The cost of production depends on two things: the cost of inputs used in production and the productivity of labour (how much a unit of labour can produce). The input cost includes prices of all factors used such as wages, cost of capital (interest rate, building rent), prices of intermediate inputs, and administrative costs (both legal and illegal). The lower the value of each of these components, the lower will be the price of the product and the higher will be the country’s competitiveness. Given the cost of inputs, a country becomes more competitive if its labour is more productive, which rises with a number of factors such as capital per worker, the quality of infrastructure, institutions, production technology and the degree of use of installed capacity.
The second factor that determines a country’s competitiveness is the exchange rate. An overvalued exchange rate (higher price of local currency in terms of foreign currency) makes a country less competitive by making domestic goods more expensive in the foreign market and foreign goods cheaper in the domestic market. An overvalued exchange rate is therefore akin to an import subsidy (boosting imports by making them cheaper than they should be) and an export tax (making exports more expensive than they should be).
Finally, trade costs depend on transportation costs (distance of the export market), administrative costs to prepare export documents, border clearance costs, costs to set up logistics in foreign countries, and tariffs and non-tariff barriers in the countries to which the companies want to export. The lower the trade costs of a country, the more productive its companies will be.
For Nepali companies to be able to succeed in a foreign market, their products’ price—that includes all of the components described above—should be lower than that of the domestic companies of that particular foreign country as well as that of other countries’ companies (for similar quality).
It is clear that to make a country competitive, there is a role to be played by both the companies and the government in reducing the cost of production, whereas it is mainly the government’s role to adjust the exchange rate and reduce trade costs. Nepal is failing on both fronts: neither are the companies motivated to be innovative (productive) nor is the government keen to improve the country’s business climate.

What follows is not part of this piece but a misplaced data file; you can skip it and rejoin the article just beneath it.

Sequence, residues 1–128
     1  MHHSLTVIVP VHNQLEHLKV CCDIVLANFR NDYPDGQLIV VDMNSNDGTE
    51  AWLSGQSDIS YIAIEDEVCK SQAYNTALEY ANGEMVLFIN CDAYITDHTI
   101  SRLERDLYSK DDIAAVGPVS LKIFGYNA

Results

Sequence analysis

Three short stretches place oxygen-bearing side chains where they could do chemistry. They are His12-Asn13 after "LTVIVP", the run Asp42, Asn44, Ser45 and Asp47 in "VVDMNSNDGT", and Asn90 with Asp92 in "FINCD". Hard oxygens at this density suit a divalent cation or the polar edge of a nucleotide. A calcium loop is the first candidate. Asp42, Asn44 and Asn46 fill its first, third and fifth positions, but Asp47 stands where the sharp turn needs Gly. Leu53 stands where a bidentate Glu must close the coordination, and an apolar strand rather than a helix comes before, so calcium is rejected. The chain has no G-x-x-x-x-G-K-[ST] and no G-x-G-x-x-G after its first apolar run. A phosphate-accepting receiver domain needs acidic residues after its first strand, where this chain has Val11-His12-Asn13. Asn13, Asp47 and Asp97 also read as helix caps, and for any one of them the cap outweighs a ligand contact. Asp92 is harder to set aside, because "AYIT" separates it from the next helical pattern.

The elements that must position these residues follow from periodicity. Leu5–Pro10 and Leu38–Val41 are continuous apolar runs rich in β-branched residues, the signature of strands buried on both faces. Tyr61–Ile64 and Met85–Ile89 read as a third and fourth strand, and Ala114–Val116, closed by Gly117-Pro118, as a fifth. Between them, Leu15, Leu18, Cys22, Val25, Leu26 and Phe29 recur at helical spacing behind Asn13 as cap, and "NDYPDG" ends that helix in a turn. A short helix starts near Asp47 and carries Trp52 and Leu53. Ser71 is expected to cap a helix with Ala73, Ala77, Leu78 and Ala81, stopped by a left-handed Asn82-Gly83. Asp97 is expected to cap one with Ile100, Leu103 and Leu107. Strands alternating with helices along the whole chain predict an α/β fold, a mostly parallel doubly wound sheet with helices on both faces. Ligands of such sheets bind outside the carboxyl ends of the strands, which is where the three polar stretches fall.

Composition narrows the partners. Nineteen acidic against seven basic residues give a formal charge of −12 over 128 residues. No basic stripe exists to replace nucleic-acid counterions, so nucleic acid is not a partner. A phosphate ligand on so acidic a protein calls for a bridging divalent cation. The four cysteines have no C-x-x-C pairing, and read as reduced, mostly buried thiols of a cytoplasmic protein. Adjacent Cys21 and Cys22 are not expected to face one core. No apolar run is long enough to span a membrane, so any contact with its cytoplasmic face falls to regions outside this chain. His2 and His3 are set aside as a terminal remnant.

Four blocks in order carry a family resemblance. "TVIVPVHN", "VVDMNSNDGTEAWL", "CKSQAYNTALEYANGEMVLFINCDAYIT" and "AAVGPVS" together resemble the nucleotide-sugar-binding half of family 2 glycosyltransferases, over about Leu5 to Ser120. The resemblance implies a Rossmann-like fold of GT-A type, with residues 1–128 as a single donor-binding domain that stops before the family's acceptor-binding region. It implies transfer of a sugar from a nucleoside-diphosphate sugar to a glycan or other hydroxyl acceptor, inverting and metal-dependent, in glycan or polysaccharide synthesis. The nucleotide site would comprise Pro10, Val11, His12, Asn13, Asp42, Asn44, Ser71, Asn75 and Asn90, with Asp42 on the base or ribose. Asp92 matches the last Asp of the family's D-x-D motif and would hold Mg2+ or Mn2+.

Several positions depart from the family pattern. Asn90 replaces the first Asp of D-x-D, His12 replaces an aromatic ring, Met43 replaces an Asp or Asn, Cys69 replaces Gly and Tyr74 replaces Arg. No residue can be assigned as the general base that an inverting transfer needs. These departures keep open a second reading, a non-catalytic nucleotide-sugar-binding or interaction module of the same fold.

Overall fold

Finding a way forward
Unless policies are adjusted to make these three components—labour productivity, exchange rate and trade costs—trade friendly, no other policies will reverse Nepal’s ever-declining competitiveness. It is clear that even if all other components of competitiveness for Nepal were the same as those for China and India, Nepal’s export price will be higher because Nepal is landlocked and will incur higher transport costs. But Nepal lags behind China and India in terms of production cost as well as labour productivity. During the last quarter century, Nepal’s labour productivity fell from almost equal to one-fifth of China’s and from half to almost a quarter of India’s.
There are other policy-induced costs, too. My back-of-the envelop calculation using the data on cost of trading and four indices?—ease of doing business, cost of start-ups, corruption perceptions and global competitiveness?—shows that doing business in Nepal is 23 percent more expensive than in China and 15 percent more expensive than in India.
In conclusion, Nepal’s paddy productivity might have doubled in Chitwan but our neighbours have outpaced us. Our
industries might be running well, but similar industries are more efficiently managed in China and India. Therefore, unless Nepal consolidates efforts to revise all its trade-related policies, it is impossible for it to become a trading nation.
Acharya is an economist